All of our children have access to the teaching and learning of synthetic phonics daily. We are teaching phonics through a systematic synthetic programme called Rocket Phonics, which is a a DfE approved phonics programme aligned to Letters and Sounds by expert Abigail Steel. It approaches phonics differently to ensure every child keeps up and not catches up.
- Steady pace and progression of two letter-sounds per week (rather than the usual four) so that knowledge and skills are embedded from the start
Whole-class mastery style teaching to ensure no child is left behind
Teaching through original illustrated stories to develop phonics skills and a love of reading
Consistent daily practice of reading and writing to gradually build children’s confidence
Flexible yet structured teaching materials that can be adapted to suit the needs of every class.
We have been using the Rocket Phonics reading books in school for over a year and our pupils love the stories and colourful pictures in them.
Rocket phonics starts by teaching the basic alphabet sounds in a structured order and builds up to blending and reading full words and sentences. Phonics is embedded in continuous provision throughout EYFS through fun, engaging activities to inspire the children to use their phonic knowledge in independent writing and reading.
Additional phonics interventions run daily to close any gaps or misconceptions in the children’s phonic knowledge, these are regularly assessed and monitored to check their effectiveness against objectives. Children are regularly assessed to check their knowledge of each phase and to identify gaps in learning, these assessments are then used to inform planning and interventions.
Blending - The process of using phonics for reading. Children identify and blend the phonemes in order to hear and say a whole word. (Also know as decoding or synthesising.
Common Exception Word (CEW) - A high frequency word with an unusual letter-sound correspondence, e.g. one, their, because. These words are taught by decoding the familiar part and pointing out the unusual part.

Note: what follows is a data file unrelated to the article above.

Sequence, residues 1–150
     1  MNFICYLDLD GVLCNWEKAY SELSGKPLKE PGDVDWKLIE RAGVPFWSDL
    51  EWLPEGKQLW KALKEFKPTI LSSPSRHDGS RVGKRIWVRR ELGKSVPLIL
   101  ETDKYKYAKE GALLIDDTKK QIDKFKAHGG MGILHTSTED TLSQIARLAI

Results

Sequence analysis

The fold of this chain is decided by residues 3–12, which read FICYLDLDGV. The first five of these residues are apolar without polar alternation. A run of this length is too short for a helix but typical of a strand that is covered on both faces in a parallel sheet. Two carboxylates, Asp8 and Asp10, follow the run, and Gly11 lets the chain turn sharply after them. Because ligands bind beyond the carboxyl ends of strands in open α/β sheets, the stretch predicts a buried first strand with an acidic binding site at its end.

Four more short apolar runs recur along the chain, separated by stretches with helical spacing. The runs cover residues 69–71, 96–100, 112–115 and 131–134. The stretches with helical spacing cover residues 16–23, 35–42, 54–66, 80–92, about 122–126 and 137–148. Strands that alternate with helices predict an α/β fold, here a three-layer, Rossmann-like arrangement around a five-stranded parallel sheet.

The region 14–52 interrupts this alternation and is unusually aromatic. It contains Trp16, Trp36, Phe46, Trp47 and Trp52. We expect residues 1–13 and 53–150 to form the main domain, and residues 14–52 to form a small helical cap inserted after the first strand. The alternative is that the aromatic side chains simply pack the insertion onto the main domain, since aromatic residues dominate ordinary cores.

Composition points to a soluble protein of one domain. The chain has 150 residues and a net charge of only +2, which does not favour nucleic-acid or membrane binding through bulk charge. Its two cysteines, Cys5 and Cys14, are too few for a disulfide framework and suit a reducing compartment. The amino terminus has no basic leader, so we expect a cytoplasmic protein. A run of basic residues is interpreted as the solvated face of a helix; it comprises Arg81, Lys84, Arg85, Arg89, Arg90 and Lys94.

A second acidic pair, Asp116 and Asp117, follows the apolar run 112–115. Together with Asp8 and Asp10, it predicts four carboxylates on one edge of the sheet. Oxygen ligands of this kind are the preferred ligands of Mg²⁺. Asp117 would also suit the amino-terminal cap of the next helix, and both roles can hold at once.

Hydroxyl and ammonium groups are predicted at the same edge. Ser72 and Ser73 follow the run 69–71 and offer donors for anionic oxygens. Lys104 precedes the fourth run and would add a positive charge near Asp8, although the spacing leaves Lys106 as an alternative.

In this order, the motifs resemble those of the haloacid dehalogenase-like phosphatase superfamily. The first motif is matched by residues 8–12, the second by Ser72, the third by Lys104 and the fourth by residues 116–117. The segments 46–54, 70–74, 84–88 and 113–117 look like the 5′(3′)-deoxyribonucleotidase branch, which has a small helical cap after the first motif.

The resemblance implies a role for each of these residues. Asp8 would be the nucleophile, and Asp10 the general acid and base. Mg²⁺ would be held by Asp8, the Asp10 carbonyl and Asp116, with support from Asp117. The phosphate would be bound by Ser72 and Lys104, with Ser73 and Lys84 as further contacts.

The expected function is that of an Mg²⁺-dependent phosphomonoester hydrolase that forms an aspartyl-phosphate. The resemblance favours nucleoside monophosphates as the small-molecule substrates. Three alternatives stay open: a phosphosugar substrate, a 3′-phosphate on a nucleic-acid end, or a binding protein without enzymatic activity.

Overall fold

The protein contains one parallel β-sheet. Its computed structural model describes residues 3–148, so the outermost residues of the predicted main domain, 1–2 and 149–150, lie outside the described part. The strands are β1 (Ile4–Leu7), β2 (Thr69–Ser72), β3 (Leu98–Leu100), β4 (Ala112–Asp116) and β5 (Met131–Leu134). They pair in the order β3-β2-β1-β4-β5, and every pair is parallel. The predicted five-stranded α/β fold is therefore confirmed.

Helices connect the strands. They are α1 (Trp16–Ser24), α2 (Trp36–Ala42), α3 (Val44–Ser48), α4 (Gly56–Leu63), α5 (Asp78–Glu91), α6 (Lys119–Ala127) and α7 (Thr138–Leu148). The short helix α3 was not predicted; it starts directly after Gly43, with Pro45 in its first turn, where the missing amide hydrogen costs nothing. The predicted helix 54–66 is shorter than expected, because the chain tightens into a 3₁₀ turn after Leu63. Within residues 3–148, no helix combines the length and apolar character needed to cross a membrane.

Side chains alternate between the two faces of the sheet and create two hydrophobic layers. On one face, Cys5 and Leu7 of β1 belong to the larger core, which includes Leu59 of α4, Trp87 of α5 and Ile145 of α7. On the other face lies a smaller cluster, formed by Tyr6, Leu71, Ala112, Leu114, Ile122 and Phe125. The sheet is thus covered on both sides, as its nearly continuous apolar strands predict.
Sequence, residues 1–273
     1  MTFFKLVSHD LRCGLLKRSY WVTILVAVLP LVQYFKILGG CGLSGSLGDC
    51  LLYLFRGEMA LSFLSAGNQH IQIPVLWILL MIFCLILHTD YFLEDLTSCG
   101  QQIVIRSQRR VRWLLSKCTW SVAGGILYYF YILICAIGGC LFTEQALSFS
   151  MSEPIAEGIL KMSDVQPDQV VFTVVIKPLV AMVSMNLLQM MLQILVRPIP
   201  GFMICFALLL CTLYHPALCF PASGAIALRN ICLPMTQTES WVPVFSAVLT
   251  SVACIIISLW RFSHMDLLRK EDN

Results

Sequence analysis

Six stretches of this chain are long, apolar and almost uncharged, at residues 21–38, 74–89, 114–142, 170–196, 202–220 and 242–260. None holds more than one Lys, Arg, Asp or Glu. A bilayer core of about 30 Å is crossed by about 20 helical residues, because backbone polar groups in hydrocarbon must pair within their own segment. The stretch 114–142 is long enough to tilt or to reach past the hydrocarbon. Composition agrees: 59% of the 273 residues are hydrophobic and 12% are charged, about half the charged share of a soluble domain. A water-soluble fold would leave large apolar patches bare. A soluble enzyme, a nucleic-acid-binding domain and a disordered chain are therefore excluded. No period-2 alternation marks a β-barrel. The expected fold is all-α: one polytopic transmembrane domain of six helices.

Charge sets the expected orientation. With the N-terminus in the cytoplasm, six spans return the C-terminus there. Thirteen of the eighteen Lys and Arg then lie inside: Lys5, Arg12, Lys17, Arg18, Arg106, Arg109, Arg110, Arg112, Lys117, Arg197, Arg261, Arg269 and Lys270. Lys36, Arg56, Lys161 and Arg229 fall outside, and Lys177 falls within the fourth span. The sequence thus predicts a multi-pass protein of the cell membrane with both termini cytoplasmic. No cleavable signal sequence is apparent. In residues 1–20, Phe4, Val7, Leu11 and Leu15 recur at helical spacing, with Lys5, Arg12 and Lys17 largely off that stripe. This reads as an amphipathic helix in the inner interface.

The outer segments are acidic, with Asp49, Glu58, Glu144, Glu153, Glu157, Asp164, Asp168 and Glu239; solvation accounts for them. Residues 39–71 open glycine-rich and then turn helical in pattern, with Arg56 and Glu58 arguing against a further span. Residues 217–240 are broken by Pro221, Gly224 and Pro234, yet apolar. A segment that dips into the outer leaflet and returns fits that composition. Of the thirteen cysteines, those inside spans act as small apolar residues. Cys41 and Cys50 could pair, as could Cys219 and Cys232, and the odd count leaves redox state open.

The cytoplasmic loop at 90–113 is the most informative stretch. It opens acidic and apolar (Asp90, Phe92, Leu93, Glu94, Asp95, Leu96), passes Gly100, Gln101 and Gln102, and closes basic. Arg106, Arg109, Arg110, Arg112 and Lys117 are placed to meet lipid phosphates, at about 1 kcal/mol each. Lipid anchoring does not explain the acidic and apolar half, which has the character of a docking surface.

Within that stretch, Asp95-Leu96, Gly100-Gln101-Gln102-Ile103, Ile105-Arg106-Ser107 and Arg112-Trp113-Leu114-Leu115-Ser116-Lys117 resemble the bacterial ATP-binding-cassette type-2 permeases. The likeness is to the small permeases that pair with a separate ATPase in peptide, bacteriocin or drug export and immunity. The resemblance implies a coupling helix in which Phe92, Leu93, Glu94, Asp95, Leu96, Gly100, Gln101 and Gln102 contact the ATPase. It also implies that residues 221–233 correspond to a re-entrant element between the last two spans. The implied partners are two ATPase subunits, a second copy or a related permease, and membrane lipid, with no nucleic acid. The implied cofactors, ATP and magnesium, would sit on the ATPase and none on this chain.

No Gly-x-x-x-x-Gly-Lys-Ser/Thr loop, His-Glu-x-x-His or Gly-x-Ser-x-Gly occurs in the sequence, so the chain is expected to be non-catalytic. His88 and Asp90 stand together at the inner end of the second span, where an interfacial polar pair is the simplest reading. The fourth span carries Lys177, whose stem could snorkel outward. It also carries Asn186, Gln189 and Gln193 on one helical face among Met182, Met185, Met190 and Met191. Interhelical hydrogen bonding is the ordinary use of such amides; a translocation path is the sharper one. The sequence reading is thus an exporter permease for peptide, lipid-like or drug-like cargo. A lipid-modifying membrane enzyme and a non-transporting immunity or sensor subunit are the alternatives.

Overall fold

CVC, CCVC, CCVCC - These represent the consonant and vowel sounds in word structurs. For example, a CVC word = h-e-n, b-oa-t or c-h-i-p.
Decoding - See blending.
Digraph - Two letters which together represent one sound (e.g. sh, ch, ai, ea, ou, ow). There are different types of digraphs - vowel, consonant and split.
Grapheme - A letter or group of letters representing one sound (phoneme).
Phoneme - The smallest unit of sound in a word.
Quadgraph - Four letters which together represent one sound, e.g. eigh, ough.
Schwa - An unstressed syllable. It is common for people to pronounce various graphemes as an /uh/ sound in natural speech.
Segmenting - The process of using phonics for spelling and writing. Children listen to the whole word and break it down into constituent phonemes, choosing the corresponding grapheme to represent each phoneme. For example, 'lunch' can be segmented as l-u-n-ch.
Split Digraph - Two letters, which work as a pair to represent one sound, but are separated within the word, e.g. a-e in cake; o-e in note.
Trigraph - Three letters which together represent one sound (e.g. igh, ear, air, ure).
Vowel Digraph - A digraph in which at least one of the letters is a vowel, e.g. ee, oi, or.
How you can help at home
- Reading every night at home with your child. Your child will have a phonics decodable book at their reading level. Read these with your child and ask them questions about the story.
- Practise reading and writing CEWs. If children know these they are more likely to gain speed and fluency in their reading.
- Practise handwriting and letter formation. It is important that children are forming their letters the correct way round (see links below).
- Play phonics games. See links below.